Mortar boards, bow tie/ribbon and gowns can be purchased from a number of shops on the High Street in Oxford. You have plenty of time to purchase these in Oxford before they are required. Shepherd and Woodward (High Street), Ede & Ravenscroft (High St), Walters and Co. (Turl Street) all provide Sub Fusc, usually for under £30. Alternatively, there is normally a second-hand stall at the OUSU Freshers’ Fair which all Oriel students may attend.
For exams you will also wear a carnation due to a quirky Oxford tradition. Your college parents will give you these. A white one is for your first exam, pink for the exams in-between and a red for your final exam.
An academic assigned to you by the University or by your department who is responsible for planning with you your course of study and for keeping an eye on your overall progress, as well as for giving supervision on different aspects of the course.
A member of Cambridge University (from Cantab. – the equivalent of Oxon.), often used as a derogatory term.
We invite the tabs from Clare College over for an exchange dinner once a year.
List of the term’s events for any society, including the MCR. The MCR term card is published at the start of each term.
Oxford has three terms: Michaelmas, Hilary and Trinity. Full term lasts eight weeks, numbered 1 to 8. Week 0 is for arrival, paperwork and (for undergrads) collections.
The intercollegiate bumps rowing competition in Hilary term.
This occurs when students finish their examinations. Their friends go to meet them as they leave their final exam and give them presents, balloons, garlands and fizzy wine.
The third and final (summer) term in the Oxford academic year: late April – late June.
Mostly for undergrads, in Oxford these tend to be one-on-one meetings with a tutor. They can also be called supervisions.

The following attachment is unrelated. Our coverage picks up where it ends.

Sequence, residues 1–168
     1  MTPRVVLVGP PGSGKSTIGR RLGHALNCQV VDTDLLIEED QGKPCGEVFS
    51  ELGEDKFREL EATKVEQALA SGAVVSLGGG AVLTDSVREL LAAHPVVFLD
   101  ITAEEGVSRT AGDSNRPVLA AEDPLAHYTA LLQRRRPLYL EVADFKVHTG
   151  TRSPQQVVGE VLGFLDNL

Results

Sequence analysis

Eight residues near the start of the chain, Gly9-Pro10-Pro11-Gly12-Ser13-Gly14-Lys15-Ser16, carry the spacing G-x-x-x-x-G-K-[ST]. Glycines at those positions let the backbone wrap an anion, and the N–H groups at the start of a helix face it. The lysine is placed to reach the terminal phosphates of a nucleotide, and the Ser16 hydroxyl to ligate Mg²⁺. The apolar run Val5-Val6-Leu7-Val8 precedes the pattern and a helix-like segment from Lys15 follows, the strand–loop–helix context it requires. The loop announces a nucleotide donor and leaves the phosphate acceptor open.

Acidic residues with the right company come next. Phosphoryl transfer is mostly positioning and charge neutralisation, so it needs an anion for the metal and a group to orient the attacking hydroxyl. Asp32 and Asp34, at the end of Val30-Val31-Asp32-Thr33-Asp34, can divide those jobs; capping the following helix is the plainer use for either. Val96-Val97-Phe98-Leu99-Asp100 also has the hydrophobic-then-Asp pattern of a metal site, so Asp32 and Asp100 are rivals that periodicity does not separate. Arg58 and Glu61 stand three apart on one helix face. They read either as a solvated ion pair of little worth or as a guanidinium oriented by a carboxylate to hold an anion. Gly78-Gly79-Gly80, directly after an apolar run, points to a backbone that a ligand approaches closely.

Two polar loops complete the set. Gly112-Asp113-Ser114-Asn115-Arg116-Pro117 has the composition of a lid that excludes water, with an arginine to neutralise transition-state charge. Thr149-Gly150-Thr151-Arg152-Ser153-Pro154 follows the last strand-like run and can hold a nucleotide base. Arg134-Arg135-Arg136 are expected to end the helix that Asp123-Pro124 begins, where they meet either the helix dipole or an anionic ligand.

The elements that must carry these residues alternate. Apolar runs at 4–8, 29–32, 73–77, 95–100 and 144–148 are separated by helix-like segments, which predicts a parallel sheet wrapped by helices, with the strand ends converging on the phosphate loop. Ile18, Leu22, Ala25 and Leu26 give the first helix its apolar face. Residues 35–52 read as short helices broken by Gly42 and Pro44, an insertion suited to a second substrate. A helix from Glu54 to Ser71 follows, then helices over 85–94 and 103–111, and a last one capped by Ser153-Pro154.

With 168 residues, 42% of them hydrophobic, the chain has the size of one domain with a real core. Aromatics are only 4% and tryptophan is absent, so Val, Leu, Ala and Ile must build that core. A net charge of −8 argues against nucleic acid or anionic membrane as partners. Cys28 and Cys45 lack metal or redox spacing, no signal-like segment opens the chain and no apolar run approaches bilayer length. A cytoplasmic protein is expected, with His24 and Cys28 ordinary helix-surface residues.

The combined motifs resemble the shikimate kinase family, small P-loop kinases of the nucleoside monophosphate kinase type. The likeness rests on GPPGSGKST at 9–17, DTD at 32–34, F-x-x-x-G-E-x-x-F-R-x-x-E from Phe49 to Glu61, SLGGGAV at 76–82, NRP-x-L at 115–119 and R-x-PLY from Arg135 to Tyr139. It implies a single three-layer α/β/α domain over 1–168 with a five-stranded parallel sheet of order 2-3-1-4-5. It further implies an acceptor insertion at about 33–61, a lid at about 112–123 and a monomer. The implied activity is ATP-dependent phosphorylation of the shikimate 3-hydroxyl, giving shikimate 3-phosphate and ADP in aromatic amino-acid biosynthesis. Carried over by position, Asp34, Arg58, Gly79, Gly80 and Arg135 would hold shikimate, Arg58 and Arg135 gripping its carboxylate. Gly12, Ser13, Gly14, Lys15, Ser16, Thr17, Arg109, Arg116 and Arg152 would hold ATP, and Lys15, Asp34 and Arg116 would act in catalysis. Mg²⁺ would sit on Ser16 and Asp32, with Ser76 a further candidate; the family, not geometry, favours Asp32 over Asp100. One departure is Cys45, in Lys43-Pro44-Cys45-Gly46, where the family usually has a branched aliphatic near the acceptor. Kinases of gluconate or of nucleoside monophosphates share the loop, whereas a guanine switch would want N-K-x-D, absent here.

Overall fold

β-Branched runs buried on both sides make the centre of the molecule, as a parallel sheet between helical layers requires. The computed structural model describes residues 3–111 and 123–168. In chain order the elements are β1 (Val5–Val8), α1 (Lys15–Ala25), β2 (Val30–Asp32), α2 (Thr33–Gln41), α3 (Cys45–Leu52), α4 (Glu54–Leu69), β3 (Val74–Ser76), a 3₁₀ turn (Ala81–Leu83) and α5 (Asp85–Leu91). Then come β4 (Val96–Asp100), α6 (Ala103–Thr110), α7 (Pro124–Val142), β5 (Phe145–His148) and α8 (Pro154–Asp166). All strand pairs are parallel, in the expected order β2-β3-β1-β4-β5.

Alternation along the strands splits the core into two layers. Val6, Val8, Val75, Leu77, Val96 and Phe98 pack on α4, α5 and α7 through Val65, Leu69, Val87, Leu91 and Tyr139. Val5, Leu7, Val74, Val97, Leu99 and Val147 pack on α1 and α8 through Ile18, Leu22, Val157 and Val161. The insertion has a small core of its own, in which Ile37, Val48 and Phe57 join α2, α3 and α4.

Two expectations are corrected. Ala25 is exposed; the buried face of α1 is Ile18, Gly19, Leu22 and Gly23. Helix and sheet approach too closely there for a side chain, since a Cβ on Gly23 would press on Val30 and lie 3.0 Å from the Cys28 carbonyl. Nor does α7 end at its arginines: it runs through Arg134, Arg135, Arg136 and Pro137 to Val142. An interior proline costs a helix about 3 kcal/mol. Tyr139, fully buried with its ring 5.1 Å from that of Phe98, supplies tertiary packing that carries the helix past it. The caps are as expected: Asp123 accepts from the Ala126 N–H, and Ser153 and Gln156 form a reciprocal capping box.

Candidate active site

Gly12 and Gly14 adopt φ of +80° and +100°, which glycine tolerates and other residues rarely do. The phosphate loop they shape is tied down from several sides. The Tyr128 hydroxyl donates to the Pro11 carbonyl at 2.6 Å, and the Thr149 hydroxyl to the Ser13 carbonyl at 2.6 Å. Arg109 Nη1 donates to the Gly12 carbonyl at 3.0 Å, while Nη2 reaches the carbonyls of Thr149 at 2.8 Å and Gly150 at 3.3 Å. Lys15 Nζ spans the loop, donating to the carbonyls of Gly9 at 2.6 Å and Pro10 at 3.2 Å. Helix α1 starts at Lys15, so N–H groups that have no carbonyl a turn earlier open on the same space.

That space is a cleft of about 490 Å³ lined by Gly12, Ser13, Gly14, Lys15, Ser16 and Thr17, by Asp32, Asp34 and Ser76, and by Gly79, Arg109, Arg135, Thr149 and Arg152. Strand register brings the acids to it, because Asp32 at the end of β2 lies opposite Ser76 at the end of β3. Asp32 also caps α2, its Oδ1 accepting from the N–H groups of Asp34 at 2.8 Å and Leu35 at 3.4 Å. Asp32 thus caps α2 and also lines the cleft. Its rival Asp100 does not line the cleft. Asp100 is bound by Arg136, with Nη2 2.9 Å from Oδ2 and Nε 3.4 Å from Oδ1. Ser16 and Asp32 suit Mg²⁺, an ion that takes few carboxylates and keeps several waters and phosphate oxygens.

The Oxford Union. A private members club and debating society. It has famous speakers and a cheap bar. It also organises various social events including themed balls which you can attend even if you’re not a member, but at a higher cost. Membership is very expensive (£150+) but is cheaper if you sign up during the first few weeks of Michaelmas.
Students’ views on the union vary. Some state it is a waste of money, although many others enjoy going to see speakers and going to debates.
Administrative centre of university located in Wellington Square.
The vacation. Vacations are when undergraduates vacate college. They are similarly the time of the ‘summer school invasion’ where most Oxford colleges, and the city itself, become host to a number of international summer schools.
Refers to sport matches, debates etc. between Oxford and Cambridge University. Winning at your sport can, in certain cases, lead to a Blue being awarded.
Short for ‘Viva Voce’. Oral exam taken as part of a DPhil or if you are a borderline case in an assessment (pass/fail or pass/distinction).
This is the college/university intranet. Some subjects use this for e-learning, lecture notes and keeping students up to date with news and information.
The college page is available here. You must be logged in as an Oriel student with your Oxford Single Sign On to access.
Each term is divided into 8 weeks. The two weeks before are known as -1st and 0th week. The undergraduates usually arrive at the start of 0th week (noughth), for their Collections which occur from Thursday of 0th onwards.
Each week begins on a Sunday.
Graduates are usually around out of term and therefore rarely use the ‘week’ system as much!